The Nation’s Health Worker’s Safety

Health care for all needed

By Phil E. Benjamin

New York City is facing an increase in unemployed workers stemming from the World Trade Center crisis. About 120,000 newly unemployed workers will, as a result, face losing health insurance since worker access to health insurance in our country is almost entirely dependent upon employers, either through labor negotiations or directly from the employer. These thousands will be added to the millions in the United States who are already living without health insurance.

National health legislation

In every other industrial country in the world, when natural disasters, like earthquakes, tornadoes and floods, result in the loss of jobs, displaced workers and their families still maintain their full health-care coverage. They do not suffer the fears and anguish of doing without health services because these workers are not tied to their employers for health insurance. Their government provides health services.

There is much talk these days about the importance of providing bereavement services to people who suffered in the World Trade Center disaster. There is heroic work being done by therapists, social workers and others who are tending to the requirements of people in need. Continuation of bereavement therapy is only possible for all workers and their families when there is national health plan providing the services.

The answer to both the bereavement process and the public health crisis is an immediate, emergency national health program that provides all needed health services for anyone who worked at the World Trade Center or worked for an employer who relied on business from the WTC. Take the insurance carriers out of the picture. Their greed would cost us too much.

Congress could do the right thing and pass universal health-care legislative program that covers everyone, regardless if they are employed or not employed. There is no time like the present.

And, since COBRA health benefits – the continuation of health benefits for 18 months following termination of employment – is very expensive, most workers will not be able to afford it. This constitutes a qualitative increase in the already dangerous public health crisis in our country.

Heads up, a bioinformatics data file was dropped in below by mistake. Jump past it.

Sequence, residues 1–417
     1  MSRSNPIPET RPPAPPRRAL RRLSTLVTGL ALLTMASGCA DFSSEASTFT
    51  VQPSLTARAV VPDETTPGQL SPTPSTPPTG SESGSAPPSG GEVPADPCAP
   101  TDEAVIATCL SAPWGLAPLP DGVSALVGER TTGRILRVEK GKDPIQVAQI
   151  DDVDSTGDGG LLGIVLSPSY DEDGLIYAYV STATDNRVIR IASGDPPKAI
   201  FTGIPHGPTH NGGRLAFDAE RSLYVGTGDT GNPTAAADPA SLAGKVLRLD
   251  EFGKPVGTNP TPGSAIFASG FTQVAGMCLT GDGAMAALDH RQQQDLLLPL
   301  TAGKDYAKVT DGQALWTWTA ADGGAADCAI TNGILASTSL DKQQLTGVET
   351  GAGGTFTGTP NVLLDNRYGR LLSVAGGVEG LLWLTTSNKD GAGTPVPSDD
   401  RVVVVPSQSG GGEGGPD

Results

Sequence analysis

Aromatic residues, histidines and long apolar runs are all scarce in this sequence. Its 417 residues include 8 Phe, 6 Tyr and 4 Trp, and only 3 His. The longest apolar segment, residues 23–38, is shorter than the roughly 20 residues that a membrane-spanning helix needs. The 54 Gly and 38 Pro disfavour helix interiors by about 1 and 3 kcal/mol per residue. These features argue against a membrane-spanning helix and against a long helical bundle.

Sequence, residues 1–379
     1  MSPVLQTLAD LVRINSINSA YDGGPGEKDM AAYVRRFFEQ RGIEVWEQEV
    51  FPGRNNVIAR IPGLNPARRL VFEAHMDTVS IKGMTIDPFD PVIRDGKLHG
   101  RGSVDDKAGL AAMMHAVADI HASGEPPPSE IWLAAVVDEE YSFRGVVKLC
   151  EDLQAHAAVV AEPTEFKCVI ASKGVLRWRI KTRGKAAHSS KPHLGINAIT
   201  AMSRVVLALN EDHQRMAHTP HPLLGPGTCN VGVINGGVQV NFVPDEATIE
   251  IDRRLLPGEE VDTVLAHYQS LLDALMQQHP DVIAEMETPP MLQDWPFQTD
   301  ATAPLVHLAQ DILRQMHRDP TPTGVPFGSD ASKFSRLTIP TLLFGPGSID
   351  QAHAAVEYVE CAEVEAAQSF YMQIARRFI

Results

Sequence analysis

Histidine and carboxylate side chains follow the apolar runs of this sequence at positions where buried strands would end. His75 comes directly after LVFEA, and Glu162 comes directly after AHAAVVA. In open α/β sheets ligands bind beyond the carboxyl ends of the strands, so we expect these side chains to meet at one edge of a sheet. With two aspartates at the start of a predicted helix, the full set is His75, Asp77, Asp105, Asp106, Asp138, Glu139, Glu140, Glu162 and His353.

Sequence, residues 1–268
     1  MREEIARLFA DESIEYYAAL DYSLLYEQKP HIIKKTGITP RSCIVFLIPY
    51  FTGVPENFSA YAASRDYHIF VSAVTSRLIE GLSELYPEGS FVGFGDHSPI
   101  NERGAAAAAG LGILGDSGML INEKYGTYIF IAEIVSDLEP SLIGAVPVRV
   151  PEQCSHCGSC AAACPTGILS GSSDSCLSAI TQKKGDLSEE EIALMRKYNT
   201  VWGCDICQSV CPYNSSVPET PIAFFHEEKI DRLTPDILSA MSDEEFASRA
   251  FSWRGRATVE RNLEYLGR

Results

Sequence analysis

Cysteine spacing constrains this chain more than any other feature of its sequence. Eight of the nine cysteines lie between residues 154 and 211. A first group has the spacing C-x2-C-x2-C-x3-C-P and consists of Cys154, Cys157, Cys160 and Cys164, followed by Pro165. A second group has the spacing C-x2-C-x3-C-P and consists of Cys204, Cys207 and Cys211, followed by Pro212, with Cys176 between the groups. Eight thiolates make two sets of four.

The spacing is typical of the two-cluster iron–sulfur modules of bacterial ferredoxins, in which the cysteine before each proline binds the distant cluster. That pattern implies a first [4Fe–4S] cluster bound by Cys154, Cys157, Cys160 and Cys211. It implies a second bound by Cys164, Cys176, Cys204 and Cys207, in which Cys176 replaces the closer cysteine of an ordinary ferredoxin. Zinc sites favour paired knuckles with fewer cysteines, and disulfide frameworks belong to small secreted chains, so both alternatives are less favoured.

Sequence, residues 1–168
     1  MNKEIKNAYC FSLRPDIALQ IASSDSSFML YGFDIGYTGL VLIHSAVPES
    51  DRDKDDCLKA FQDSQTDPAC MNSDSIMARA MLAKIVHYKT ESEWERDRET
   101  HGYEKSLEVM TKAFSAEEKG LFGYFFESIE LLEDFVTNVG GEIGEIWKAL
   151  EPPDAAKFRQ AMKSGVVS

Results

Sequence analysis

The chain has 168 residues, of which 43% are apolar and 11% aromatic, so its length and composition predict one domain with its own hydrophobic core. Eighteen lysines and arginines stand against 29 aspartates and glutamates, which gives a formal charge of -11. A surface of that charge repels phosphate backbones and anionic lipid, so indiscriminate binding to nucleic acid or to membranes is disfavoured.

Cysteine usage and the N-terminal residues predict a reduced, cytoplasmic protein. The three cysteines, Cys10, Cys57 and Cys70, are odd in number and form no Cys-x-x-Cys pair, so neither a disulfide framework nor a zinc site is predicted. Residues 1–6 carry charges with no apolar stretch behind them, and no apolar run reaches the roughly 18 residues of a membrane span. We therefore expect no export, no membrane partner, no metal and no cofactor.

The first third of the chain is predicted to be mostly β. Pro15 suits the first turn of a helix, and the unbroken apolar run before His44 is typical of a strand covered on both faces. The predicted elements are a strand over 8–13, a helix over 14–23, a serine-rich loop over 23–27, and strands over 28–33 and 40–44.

Paying premiums not the answer

A few members of Congress are putting forward proposals to deal with the crisis, but the proposals keep the insurance carriers rolling in dollars. Sens. Ted Kennedy (D-Mass.) and Max Baucus (D-Mont.) proposed that the federal government pay half the premiums of workers laid off as a result of the WTC disaster, but only for 12 months.

Sen. James Jeffords (I-Vt.) proposed a bill that would provide laid-off workers with a tax credit equal to half the cost of any health insurance premium, but with a maximum of only $110 per month per individual and $290 per family.

President Bush’s proposals are so full of loopholes that they are totally useless. Aides to Baucus and Kennedy have said their proposals would cost about $16.5 billion. The price tag should not come as a surprise since it is using taxpayer money to pay the premiums for the greedy for-profit insurance carriers. This solution is no solution.

There is much lip-service being paid to finding jobs for the thousands of displaced hourly workers. The labor movement is pushing Congress hard for action. Coupled with the recession, bordering on depression, a massive jobs program with health benefits is urgently needed.